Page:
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  • jrblackburnsmith


People frequently ask 'How do you come up with your stories?' I've written before about how I start with an image and draft a book from that single vision, and that's true. Perhaps a better question might be 'Why do you write your books?' and Forgiveness is a perfect novel to use to answer that question. Forgiveness was published in 2013, but it took fifteen years and two other novels to manifest. Like almost everything I've written, I started out knowing I wasn't a strong enough writer to tackle this narrative, --I'm still not sure that even today I'm equal to the material-- but I think it does something special.

Forgiveness, set in the years following WWII in a fictional Balkans civil war, is my response to 9/11. You might ask how could something set more than fifty years before 9/11 be a response to the horrific tragedy that struck us? Quite honestly, I didn't have the emotional resilience to set my work directly around that moment, and it wasn't necessary for what I wanted to explore. One of the recurring themes in my work is forgiveness. What does it mean to forgive, how do people do it, who benefits? I wonder why some people exhibit a degree of grace that seems so alien to our human, emotional state, that it might feel insincere, and yet others, caught deeply in the web of their emotional pain are so stridently angry and unforgiving that it makes people want to turn away from them.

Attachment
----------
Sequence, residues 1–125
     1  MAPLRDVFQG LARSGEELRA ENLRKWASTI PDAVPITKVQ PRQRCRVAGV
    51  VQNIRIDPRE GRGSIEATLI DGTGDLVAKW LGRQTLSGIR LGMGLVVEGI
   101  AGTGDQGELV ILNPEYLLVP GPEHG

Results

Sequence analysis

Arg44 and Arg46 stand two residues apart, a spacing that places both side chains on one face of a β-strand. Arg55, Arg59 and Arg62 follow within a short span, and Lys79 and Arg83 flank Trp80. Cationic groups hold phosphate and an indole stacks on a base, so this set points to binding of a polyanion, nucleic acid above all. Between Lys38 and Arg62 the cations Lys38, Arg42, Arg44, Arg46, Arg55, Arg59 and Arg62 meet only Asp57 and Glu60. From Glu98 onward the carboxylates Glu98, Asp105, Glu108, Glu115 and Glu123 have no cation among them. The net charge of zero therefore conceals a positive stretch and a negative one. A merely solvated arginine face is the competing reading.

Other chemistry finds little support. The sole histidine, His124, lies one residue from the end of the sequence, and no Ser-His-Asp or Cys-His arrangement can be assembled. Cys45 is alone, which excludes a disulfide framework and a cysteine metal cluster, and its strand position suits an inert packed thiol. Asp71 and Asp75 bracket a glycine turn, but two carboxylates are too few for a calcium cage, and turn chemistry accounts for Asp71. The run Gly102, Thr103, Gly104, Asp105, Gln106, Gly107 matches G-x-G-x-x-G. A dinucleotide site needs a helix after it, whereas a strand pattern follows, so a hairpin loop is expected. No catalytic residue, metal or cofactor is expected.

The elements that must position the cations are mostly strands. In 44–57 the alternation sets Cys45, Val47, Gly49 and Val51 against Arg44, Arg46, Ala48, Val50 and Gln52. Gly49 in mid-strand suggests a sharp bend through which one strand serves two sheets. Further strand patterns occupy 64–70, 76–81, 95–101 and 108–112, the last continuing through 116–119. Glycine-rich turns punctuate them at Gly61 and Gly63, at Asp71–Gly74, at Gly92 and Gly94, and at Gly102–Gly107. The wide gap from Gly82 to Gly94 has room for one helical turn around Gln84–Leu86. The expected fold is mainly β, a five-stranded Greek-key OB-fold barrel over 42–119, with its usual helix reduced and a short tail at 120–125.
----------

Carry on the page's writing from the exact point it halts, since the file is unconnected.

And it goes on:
I created the vilest and most unrepentant character I could imagine: Walter Krang, a notoriously violent guard at a concentration camp. I then had one of the prisoners forgive him and help him escape as the camp was liberated. That act of forgiveness isn't what the novel is about. It didn't matter to Krang that someone he had brutalized forgave him; in fact, after he escaped, Krang had only one goal: to find the prisoner who forgiven him and make her withdraw her offer of redemption. Even Walter Krang knows he is a man unworthy of forgiveness.

The act of forgiveness in the title is existential. The novel wants nothing less than an act of forgiveness from the reader. It's not important to that the prisoner forgive Walter Krang; that is a simple plot device. Forgiveness asks you, the reader, to forgive Walter Krang. It asks you, knowing the truth of every action Krang has taken, to find a way to see him as a man worthy of Grace.

I'd love to hear from folks who read Forgiveness to understand where you ended up. Did you forgive or not? Why? It is such a fascinating study to understand how such acts are birthed within our beings.

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